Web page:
We are introduced to Cameron Post (Chloë Grace Moretz) as a teen in a Christian school in a secret relationship with her classmate Coley (Quinn Shephard, who has shown great promise as an actress and director with her film Blame). When the two are caught making out in the back of a car on prom night, Cameron is taken to God's Promise, a gay conversion center, hidden in the woods. In these opening scenes, director Desiree Akhavan (Appropriate Behavior) establishes her film as tender and rueful. John Gallagher Jr. (of the similarly toned Short Term 12) as the mustached, "successfully converted" Reverend Rick, Cameron's mistfit cohorts--sharp-humored ex-commune teen Jane Fonda (American Honey's Sasha Lane) and deadpan Adam Red Eagle (Forrest Goodluck)--and the rest of the teen group, are all sharply defined, harboring a purveying sense of loneliness in their physically close quarters. But once I saw Jennifer Ehle enter the picture as "Dr." Lydia Marsh, the master of God's Promise, I felt the electricity of the set-up. Lydia could have been another savagely strict, monstrous Doubt / Cuckoo's Nest-archetype but the skilled Ehle plays her without exaggeration and with deep control. Once in a while, there is something searching in her eyes, as if she is regretting the pain she's inflicting upon her "disciples." Like most zealots, Lydia is a character who seems aware of the character she's playing, who grips icily to her power within her sham existence. It makes her manipulation all the more acidic. Set in 1993, the movie has a nostalgic softness for cassette tape thievery and letter writing. The film is adapted from a sliver within the epic YA tome by Emily Danforth and has a real sense of the teendom of the times, with a humorously wry edge. I felt the movie dissapate a bit in the latter half with a heavily weighted tragedy. More subtedly would have made a searing impact. But it's a quibble in such a well-wrought, moving tale, strongly directed and well-acted by its likable cast. ***1/2
A generational shift is palpable in Writer / Director Bo Burnham's burning comic drama Eighth Grade. The movie could have been a run-of-the-mill coming-of-age teen flick, but since it's so delicately layered by Burnham, his crew, and the enigmatic cast, Eighth Grade becomes an artistic testimony of the friction between hoping for things to get better with time and the apprehension of how time can change ourselves, our society and the way we communicate with one another.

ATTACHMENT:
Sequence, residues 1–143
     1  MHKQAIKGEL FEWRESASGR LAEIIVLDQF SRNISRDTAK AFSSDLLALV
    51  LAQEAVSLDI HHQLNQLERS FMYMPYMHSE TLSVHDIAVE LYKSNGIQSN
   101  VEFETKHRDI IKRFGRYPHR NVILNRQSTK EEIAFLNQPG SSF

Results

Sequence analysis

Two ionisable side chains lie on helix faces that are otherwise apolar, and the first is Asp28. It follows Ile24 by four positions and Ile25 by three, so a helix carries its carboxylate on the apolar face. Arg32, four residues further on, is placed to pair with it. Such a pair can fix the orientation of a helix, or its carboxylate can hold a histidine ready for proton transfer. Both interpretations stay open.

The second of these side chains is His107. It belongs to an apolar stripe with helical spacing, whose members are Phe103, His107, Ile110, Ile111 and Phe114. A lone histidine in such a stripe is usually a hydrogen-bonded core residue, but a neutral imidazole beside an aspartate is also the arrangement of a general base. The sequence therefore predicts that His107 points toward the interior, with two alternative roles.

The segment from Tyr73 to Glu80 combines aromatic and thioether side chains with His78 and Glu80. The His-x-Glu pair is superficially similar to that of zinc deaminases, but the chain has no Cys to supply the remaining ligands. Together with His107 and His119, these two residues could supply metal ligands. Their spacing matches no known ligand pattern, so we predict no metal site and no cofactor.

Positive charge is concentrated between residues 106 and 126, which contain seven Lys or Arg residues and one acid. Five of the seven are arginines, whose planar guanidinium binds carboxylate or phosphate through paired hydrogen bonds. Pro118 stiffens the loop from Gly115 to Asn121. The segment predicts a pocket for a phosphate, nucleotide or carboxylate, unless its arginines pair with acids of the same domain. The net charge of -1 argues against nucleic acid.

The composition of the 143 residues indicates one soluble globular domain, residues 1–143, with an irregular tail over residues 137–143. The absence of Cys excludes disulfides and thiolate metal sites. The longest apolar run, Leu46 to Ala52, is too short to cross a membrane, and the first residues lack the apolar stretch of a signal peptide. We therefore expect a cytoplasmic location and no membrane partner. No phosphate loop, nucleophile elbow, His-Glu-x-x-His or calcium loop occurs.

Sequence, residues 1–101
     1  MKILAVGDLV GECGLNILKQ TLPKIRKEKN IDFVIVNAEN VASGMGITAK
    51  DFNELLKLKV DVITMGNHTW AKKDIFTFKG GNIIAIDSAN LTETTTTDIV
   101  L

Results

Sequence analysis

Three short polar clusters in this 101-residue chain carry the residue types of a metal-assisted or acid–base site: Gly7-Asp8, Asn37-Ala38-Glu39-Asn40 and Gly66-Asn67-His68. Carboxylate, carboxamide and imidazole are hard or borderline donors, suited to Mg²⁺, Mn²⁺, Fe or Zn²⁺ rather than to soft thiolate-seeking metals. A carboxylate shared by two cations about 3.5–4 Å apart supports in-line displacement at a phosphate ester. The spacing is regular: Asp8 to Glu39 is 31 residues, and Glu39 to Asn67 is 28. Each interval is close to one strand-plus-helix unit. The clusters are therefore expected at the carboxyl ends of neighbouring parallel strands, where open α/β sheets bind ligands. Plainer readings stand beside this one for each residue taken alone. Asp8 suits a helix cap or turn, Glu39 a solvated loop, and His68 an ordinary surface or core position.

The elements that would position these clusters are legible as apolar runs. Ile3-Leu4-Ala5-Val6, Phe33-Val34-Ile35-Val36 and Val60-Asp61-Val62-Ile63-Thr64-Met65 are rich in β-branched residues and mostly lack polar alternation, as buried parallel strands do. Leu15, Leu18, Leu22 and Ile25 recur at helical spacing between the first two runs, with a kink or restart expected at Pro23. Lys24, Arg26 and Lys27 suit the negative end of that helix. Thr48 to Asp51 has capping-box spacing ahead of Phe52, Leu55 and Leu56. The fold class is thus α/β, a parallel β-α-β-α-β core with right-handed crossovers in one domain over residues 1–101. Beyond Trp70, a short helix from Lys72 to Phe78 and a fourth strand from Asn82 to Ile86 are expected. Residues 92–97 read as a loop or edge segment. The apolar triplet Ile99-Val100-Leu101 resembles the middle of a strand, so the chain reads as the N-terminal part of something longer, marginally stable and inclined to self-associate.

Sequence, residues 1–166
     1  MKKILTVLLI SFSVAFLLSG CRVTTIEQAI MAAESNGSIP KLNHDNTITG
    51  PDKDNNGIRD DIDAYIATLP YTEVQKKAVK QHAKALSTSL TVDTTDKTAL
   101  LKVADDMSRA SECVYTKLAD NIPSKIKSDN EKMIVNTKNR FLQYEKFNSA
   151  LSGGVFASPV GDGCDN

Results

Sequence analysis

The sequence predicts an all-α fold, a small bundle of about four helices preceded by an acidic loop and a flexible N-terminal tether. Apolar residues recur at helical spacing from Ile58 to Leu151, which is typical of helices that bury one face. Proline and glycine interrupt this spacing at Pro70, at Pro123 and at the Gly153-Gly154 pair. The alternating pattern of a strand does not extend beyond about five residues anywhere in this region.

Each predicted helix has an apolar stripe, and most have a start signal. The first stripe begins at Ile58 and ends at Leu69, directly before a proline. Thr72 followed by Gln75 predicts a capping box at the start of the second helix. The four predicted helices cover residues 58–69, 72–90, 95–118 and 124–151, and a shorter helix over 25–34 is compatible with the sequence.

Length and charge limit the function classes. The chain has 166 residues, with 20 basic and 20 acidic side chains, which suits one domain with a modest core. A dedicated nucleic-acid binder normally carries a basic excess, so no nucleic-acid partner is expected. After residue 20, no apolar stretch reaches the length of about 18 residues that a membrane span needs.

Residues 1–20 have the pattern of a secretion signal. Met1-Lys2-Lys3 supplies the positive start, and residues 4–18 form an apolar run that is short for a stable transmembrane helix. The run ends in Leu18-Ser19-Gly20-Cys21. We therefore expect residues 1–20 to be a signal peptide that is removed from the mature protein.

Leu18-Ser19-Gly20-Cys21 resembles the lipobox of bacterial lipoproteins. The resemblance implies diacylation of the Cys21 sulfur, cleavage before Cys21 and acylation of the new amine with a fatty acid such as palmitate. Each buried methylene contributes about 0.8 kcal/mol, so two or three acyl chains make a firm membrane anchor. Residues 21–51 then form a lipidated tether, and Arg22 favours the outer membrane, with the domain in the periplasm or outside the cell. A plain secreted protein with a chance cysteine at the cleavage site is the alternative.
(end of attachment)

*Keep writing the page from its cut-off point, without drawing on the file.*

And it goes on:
Anxious thirteen year-old Kayla (an extraordinary Elsie Fisher) opens the picture with one of her YouTube tutorials. The meagerly viewed videos are her attempt to talk to the world at large and also to herself--it's a key to her survival. Burnham's conceit of blended recorded imagery (through phones and laptops---the outmoded TV only figures in a pool party karaoke scene and a sexual health class), effectively continues throughout as we are besieged by Kayla's visual universe: a mix of bland, darkly-lit middle school suburbia and shiny internet ephemera (distinctively captured by cinematographer Andrew Wehde). Vivid close-ups and jagged dialogue are defining elements of Eighth Grade. It's a film that blesses awkwardness but I couldn't find any missteps in it as a film itself. Its intimacy and realism paired with a joyful, brassy electronic soundtrack (an excellent score by Anna Meredith and an unnervingly apt use of Enya's "Orinoco Flow") are a compelling mix.
I was taken aback in particular by Josh Hamilton's performance of the father. Throughout, we see and know little of his character, as much as Kayla wishes to see and know of him. I braced myself for an ultimate scene of exorcising the past. It seemed like the film was riskily heading toward a "big moment" that could have sunk it. But a final monologue is brought on with such deft control and quietness by Hamilton that it left me reeling. Fisher's beautiful characterizations, built throughout the picture, added to the emotional gut-punch as well. Luckily the moment is paired with a hilariously-played coda which, like many of the juxtapositions in the film, jump off one another brilliantly and movingly. ****